The amazing properties of water and its simple physical attributes allow a Water Strider to stay afloat and even move across a calm aquatic surface.
Long, thin hind legs give Water Striders a slight resemblance to spiders, but they are not related. Mating pairs may appear to be one large, eight-legged Water Strider (which also looks like an arachnid). Because water has a high surface tension and the insect has hairy legs, a Water Strider is able to coast across the surface without breaking the attractive bonds between each dihydrogen monoxide molecule. A Water Strider can stand still, glide, and even skip across water effortlessly. Some species also have wings.
Females lay fertilized eggs just under the water's surface. Nymphs molt many times as they grow larger and develop into adults. Both nymphs and adults consume insects and other small creatures that fall into the water nearby. Mosquito larvae are also a food source. Adults are even known to prey on very young Water Striders and do not seem able to identify their own children. Though they are aquatic predators, they are not a threat to humans.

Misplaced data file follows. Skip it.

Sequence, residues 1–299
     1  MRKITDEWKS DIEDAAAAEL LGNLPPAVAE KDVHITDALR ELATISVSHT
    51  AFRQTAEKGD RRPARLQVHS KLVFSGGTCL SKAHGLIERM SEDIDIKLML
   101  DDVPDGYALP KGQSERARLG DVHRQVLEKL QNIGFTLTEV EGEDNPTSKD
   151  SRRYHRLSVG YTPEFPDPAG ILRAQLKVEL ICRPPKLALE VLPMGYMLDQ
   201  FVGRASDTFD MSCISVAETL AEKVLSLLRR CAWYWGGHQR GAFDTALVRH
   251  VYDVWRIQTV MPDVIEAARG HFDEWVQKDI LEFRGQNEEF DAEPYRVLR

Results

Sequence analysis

Look for Water Striders on still or slow-moving waters such as ponds, puddles, lagoons, streams, creeks, lakes, and coves. They are adept at moving away when the water is disturbed.
Scientific Name: Various spp.
Other Name(s): Pond Skater, Water Skipper, Jesus Bug
Size (Adult; Length): 11mm to 16mm (0.43in to 0.62in)
Colors: brown, black, ivory
Descriptors: long, skinny, float, aquatic, water, harmless, spider legs
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